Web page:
Send to

Choose Destination
See comment in PubMed Commons below
Appl Environ Microbiol. 2003 Sep;69(9):5070-8.

Evidence of chemolithoautotrophy in the bacterial community associated with Alvinella pompejana, a hydrothermal vent polychaete.

Author information

College of Marine Studies, University of Delaware, Lewes, Delaware 19958, USA.


The deep-sea polychaete Alvinella pompejana colonizes tubes on the sides of black smoker chimneys along the East Pacific Rise. A diverse, yet phylogenetically constrained episymbiotic community is obligately associated with its dorsal surface. The morphologically and phylogenetically distinct dominant episymbionts have not yet been cultured, and there are no clearly defined roles for these bacteria in this symbiosis. A large insert fosmid library was screened for the presence of the two dominant phylotypes. Two fosmids, 35.2 and 38 kb, containing phylotype-specific 16S ribosomal DNA sequences were fully sequenced. Each fosmid had a gene encoding ATP citrate lyase, a key enzyme in the reverse tricarboxylic acid (rTCA) cycle, a CO(2) fixation pathway. A selection of episymbiont communities from various geographic locations and vent sites were screened for the presence, diversity, and expression (via reverse transcription-PCR) of the ATP citrate lyase gene. Our results indicate that the ATP citrate lyase gene is not only a consistent presence in these episymbiont communities but is also expressed. Phylogenetically distinct forms of ATP citrate lyase were also found associated with and expressed by bacteria extracted from the tubes of A. pompejana. Utilizing PCR with degenerate primers based on a second key enzyme in the rTCA cycle, 2-oxoglutarate:acceptor oxidoreductase, we also demonstrated the persistent presence and expression of this gene in the episymbiont community. Our results suggest that members of both the episymbiont and the surrounding free-living communities display a chemolithoautotrophic form of growth and therefore contribute fixed carbon to other organisms in the vent community.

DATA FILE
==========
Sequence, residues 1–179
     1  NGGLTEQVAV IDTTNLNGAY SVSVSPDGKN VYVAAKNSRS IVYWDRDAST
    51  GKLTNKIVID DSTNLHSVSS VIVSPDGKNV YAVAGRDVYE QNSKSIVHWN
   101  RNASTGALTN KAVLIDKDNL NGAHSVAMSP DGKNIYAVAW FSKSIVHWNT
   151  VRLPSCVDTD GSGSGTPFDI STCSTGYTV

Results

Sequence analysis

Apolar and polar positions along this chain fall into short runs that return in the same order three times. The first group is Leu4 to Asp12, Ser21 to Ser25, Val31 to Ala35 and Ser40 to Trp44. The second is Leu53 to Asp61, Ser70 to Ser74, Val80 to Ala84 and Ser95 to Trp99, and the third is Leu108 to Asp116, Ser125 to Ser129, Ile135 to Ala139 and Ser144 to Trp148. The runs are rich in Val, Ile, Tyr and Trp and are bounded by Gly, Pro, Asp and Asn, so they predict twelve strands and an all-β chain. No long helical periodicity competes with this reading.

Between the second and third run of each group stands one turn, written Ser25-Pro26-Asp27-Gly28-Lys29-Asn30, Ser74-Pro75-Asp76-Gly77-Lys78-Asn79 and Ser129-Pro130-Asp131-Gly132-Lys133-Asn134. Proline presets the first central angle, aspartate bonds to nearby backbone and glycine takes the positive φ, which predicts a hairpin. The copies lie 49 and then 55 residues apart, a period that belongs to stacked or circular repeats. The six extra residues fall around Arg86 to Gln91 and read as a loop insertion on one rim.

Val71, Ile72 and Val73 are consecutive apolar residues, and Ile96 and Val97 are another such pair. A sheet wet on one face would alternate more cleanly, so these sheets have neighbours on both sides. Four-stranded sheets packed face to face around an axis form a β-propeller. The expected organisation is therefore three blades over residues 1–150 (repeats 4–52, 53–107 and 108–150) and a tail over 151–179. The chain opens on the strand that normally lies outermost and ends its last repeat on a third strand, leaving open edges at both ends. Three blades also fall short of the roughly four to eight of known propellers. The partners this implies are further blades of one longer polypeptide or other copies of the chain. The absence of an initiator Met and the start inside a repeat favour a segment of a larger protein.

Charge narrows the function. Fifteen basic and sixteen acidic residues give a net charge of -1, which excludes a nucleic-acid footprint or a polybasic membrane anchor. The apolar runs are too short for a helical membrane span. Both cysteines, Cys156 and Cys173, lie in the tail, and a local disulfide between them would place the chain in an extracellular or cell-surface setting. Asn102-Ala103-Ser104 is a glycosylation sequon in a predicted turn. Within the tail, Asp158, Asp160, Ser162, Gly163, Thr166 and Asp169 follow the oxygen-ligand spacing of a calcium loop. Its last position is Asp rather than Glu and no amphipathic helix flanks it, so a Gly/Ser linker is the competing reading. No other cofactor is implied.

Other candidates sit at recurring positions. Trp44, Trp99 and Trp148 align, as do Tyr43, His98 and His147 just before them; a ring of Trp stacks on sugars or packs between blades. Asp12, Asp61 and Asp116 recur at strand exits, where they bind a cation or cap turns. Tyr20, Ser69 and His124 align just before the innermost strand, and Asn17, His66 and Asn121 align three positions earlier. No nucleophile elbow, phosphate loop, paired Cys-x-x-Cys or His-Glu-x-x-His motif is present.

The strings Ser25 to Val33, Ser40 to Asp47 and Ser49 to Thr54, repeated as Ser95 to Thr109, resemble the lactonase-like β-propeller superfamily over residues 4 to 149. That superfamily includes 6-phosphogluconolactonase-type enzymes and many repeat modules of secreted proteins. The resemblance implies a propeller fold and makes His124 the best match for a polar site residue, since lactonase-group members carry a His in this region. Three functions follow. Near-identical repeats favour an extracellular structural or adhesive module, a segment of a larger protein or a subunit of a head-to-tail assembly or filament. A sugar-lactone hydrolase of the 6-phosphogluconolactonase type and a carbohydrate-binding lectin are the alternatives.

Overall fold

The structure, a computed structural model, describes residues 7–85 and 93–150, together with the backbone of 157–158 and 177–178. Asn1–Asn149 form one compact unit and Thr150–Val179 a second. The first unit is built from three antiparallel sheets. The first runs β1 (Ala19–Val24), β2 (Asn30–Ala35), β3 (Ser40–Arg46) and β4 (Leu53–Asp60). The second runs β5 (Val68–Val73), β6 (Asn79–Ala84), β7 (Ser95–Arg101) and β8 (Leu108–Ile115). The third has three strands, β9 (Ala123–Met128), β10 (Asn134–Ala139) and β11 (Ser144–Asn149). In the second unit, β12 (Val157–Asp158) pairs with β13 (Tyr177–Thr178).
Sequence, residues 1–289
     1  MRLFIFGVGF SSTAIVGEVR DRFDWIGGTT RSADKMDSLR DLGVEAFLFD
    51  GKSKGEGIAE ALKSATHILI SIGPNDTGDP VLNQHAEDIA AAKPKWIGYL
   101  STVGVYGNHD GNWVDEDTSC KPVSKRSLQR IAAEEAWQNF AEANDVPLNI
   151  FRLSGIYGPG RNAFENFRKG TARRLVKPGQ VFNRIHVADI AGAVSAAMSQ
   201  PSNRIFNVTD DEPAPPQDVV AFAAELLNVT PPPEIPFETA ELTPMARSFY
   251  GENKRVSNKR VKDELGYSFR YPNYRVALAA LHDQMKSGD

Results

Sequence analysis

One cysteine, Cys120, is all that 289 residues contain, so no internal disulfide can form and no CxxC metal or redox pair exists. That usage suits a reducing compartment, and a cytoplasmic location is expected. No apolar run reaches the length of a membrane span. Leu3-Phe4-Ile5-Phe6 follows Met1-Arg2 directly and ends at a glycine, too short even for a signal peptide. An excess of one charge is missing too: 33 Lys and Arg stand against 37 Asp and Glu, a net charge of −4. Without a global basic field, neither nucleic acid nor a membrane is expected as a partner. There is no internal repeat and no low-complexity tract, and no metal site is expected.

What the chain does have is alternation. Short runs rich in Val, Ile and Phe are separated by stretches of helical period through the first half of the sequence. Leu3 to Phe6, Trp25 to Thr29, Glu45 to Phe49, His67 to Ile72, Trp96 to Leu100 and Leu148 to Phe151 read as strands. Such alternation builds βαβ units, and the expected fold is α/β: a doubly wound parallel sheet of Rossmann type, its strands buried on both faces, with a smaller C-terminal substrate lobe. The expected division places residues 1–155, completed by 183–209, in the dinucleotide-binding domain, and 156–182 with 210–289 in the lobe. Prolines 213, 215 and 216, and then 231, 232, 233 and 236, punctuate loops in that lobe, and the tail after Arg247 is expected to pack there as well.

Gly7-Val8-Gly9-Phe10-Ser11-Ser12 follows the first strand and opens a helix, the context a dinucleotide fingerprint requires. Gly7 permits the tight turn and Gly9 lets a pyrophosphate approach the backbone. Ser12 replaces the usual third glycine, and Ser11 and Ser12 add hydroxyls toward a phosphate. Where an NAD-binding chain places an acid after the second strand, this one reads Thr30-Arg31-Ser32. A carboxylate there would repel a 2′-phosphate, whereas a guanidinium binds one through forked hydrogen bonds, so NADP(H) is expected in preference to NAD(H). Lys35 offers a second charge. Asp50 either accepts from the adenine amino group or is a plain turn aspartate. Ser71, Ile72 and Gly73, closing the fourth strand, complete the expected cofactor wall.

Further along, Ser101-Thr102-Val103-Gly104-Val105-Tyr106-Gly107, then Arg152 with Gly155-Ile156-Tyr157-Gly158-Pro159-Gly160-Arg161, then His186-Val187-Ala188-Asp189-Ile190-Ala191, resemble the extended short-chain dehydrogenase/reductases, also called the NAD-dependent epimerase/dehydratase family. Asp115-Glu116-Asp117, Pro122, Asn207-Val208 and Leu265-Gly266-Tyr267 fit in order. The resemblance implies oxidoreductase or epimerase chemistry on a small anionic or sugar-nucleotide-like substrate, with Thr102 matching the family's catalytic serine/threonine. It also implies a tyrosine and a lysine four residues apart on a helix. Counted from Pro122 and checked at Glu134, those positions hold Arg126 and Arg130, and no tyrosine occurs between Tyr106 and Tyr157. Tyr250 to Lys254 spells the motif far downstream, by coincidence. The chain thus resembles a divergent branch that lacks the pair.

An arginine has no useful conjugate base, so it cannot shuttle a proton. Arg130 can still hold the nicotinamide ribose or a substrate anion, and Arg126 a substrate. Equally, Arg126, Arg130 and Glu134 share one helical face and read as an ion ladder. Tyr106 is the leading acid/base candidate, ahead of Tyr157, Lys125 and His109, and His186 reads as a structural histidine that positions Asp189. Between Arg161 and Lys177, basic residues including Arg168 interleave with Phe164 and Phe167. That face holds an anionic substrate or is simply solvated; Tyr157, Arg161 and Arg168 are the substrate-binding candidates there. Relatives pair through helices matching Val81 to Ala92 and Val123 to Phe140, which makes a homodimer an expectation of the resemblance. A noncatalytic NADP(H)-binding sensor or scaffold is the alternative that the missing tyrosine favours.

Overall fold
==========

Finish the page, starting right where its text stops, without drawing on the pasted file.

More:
[Indexed for MEDLINE]
Free PMC Article
PubMed Commons home

PubMed Commons

How to join PubMed Commons

    Supplemental Content

    Full text links

    Icon for HighWire Icon for PubMed Central
    Loading ...
    Support Center